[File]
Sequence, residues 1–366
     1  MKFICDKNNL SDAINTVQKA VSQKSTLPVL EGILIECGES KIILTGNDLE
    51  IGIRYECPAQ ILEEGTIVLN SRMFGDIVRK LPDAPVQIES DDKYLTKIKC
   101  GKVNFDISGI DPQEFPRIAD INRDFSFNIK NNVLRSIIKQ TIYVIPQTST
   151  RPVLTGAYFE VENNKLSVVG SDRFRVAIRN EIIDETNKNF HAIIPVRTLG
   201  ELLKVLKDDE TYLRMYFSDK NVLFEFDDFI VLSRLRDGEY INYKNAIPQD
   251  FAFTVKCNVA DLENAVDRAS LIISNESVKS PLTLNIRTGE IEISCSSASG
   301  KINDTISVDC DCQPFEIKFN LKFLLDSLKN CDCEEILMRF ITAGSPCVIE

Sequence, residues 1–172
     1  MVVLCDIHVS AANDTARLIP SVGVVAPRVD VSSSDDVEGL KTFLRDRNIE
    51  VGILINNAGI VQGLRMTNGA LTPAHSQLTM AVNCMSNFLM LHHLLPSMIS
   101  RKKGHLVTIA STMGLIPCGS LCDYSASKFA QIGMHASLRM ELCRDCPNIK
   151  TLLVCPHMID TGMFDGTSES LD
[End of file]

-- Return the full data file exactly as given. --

Sequence, residues 1–366
     1  MKFICDKNNL SDAINTVQKA VSQKSTLPVL EGILIECGES KIILTGNDLE
    51  IGIRYECPAQ ILEEGTIVLN SRMFGDIVRK LPDAPVQIES DDKYLTKIKC
   101  GKVNFDISGI DPQEFPRIAD INRDFSFNIK NNVLRSIIKQ TIYVIPQTST
   151  RPVLTGAYFE VENNKLSVVG SDRFRVAIRN EIIDETNKNF HAIIPVRTLG
   201  ELLKVLKDDE TYLRMYFSDK NVLFEFDDFI VLSRLRDGEY INYKNAIPQD
   251  FAFTVKCNVA DLENAVDRAS LIISNESVKS PLTLNIRTGE IEISCSSASG
   301  KINDTISVDC DCQPFEIKFN LKFLLDSLKN CDCEEILMRF ITAGSPCVIE

Sequence, residues 1–172
     1  MVVLCDIHVS AANDTARLIP SVGVVAPRVD VSSSDDVEGL KTFLRDRNIE
    51  VGILINNAGI VQGLRMTNGA LTPAHSQLTM AVNCMSNFLM LHHLLPSMIS
   101  RKKGHLVTIA STMGLIPCGS LCDYSASKFA QIGMHASLRM ELCRDCPNIK
   151  TLLVCPHMID TGMFDGTSES LD